Earlier this week, New York tech-business blog Silicon Alley Insider said it raised a $1 million round that valued the company at $7 million, post-money. Bloggers love hearing valuation numbers like this, because we can use them to guess the value of other blogs. So let’s play the connect-the-dots game of blog valuations.

ContentNext media-business and conference outfit (featuring flagship property PaidContent), which sold to England-based Guardian Media Group, was reportedly worth “north of $30 million.” But that number included earn-out options that certainly mean the company is worth at least slightly less than “north of $30 million” until those earn-outs are achieved.

But, hey, $30 million is a new number to work with now, so it can also be used to analyze the value of SAI. Which is what Ashkan Karbasfrooshan (who blogs at Hipmojo and has his own video-focused online media business), did. He estimates that SAI should have a post-money valuation of $6 million, even though SAI’s chairman, Kevin Ryan, told The Deal it was worth a million more than that. PaidContent, incidentally, also reported that SAI was worth $6 million. Another, previous third-party pegged its valuation at slightly less than $6 million.

(SAI’s investors include Dave Morgan, founder and CEO of Tacodo, Allen Morgan, who recently left the Mayfield Fund, L. Gordon Crovitz, Ken Lerer, co-founder of HuffingtonPost.com, Roger Ehrenberg and James Kohlberg.)

ContentNext has four properties with high-end media readers, unclear total traffic numbers, and a profitable conference-hosting business and research services; SAI has one property, but claims 1 million monthly visitors — and it is planning to create more sites and organize conferences.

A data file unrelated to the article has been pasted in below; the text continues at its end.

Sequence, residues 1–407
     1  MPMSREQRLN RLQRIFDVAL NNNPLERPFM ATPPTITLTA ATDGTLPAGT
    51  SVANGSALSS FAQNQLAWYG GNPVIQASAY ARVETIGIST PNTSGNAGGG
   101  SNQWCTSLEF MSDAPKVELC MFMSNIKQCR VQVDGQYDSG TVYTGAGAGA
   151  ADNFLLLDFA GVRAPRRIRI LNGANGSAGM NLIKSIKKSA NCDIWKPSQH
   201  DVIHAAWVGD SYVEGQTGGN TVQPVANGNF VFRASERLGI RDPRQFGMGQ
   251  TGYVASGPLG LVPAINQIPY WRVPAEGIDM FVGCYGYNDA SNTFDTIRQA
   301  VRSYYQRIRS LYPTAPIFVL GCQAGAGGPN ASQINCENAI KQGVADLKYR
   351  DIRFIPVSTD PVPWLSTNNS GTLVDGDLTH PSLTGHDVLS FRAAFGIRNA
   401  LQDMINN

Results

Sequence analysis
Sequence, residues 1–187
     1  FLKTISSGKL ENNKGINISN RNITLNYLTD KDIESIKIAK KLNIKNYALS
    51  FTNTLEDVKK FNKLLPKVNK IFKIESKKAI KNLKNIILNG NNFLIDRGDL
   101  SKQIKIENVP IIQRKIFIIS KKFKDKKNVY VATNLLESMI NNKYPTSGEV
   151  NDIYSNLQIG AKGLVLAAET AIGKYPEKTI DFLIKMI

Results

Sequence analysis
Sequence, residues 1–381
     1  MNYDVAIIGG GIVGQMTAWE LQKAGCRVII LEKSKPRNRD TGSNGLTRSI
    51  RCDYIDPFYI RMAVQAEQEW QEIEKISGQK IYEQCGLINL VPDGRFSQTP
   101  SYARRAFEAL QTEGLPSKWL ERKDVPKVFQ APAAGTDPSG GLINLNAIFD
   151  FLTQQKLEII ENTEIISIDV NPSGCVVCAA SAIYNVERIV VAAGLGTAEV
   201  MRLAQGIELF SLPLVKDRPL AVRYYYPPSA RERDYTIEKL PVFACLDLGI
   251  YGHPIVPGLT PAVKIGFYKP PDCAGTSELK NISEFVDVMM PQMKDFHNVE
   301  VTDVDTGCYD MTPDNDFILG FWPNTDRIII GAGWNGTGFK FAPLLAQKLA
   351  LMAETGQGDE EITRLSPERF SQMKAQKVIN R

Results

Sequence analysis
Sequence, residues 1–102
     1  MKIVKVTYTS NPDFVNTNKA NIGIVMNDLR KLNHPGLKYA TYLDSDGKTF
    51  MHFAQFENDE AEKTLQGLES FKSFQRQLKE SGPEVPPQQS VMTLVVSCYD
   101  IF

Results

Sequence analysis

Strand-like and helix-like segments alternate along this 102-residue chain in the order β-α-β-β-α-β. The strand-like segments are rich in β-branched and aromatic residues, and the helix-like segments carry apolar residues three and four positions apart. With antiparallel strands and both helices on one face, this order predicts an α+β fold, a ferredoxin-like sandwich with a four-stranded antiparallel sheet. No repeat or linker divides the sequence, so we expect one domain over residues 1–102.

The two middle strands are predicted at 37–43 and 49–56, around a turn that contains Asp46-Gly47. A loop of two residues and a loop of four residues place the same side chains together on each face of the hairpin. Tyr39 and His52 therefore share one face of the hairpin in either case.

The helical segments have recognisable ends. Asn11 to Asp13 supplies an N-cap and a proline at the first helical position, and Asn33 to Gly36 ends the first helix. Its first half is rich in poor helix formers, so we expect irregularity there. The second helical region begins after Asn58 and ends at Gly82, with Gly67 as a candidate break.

Time for another data dot: The recent sale of Ars Technica, a technology analysis blog, to Conde Nast for $25M; the sale included two smaller properties, so many blogs including SAI estimated that the Ars site is worth closer to $15 million on its own. Ars gets 1.5 million visitors a month, according to comScore, but may get more like 4.5 million, according to a TechCrunch report on the sale. If the latter number is true, then how can SAI be worth nearly half as much as Ars, with 1 million visitors versus 4.5 million?

Well, Ars is certainly popular on big news aggregation sites like Digg, but Silicon Alley Insider has nailed a nice chunk of the wealthy technology finance audience and shows up on other aggregators like Techmeme far more often (and unlike Ars, it doesn’t get accused of ripping off others’ stories). Maybe SAI’s readership and brand is worth enough to explain the valuation-to-traffic discrepancy.

But as Karbasfrooshan points out, online media valuations are a fuzzy medley not just of comparable prices, but of market demand, fundamentals (ad revenue, conference revenue, etc.) and “leverage,” which he calls “a combination of the three points above.” His further explanation: “Why it’s a point in itself is because some people might have 1, 2, and 3 but cannot exert that leverage or are poor negotiators (or as they say in Latin, smallus ballus).”

I’d like to see a leverage-to-value ratio comparison between tech blogs, but since VentureBeat is itself part of this story, I’ll leave that alone.

Since blogs reporting numbers about other blogs helps to determine things like sale prices, and because those prices vary, here’s what seems to be happening: Blogs want to look bigger and more important than each other, so on that front it’s in each blog’s interests to tear each competitor down a little when writing about valuations and sales. Meanwhile, every additional high blog valuation leads to potentially higher valuations of rival blogs.

What we have here is a tragedy of the commons situation, where every blog’s valuation can be hurt simply by their rival’s reporting — or where every blog’s valuation can go up, also based on reported information about them. So, oh noble blogging competitors, let’s grow this forest of blog valuations and agree that VentureBeat is worth north of $100 million.

[Photo via the University of Minnesota, Duluth.]